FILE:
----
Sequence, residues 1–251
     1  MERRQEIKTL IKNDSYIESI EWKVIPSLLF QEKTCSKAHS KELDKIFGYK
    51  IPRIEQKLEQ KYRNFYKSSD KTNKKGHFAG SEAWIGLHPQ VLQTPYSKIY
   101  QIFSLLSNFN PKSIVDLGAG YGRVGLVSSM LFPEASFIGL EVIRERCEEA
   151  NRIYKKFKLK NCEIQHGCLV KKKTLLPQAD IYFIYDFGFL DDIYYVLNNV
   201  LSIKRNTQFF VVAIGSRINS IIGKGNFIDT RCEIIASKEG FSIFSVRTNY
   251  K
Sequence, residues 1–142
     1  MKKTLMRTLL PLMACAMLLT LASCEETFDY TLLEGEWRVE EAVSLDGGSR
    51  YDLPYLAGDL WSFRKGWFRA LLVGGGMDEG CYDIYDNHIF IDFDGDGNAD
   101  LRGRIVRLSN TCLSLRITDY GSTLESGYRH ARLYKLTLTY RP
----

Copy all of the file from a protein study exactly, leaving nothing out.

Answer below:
Sequence, residues 1–251
     1  MERRQEIKTL IKNDSYIESI EWKVIPSLLF QEKTCSKAHS KELDKIFGYK
    51  IPRIEQKLEQ KYRNFYKSSD KTNKKGHFAG SEAWIGLHPQ VLQTPYSKIY
   101  QIFSLLSNFN PKSIVDLGAG YGRVGLVSSM LFPEASFIGL EVIRERCEEA
   151  NRIYKKFKLK NCEIQHGCLV KKKTLLPQAD IYFIYDFGFL DDIYYVLNNV
   201  LSIKRNTQFF VVAIGSRINS IIGKGNFIDT RCEIIASKEG FSIFSVRTNY
   251  K
Sequence, residues 1–142
     1  MKKTLMRTLL PLMACAMLLT LASCEETFDY TLLEGEWRVE EAVSLDGGSR
    51  YDLPYLAGDL WSFRKGWFRA LLVGGGMDEG CYDIYDNHIF IDFDGDGNAD
   101  LRGRIVRLSN TCLSLRITDY GSTLESGYRH ARLYKLTLTY RP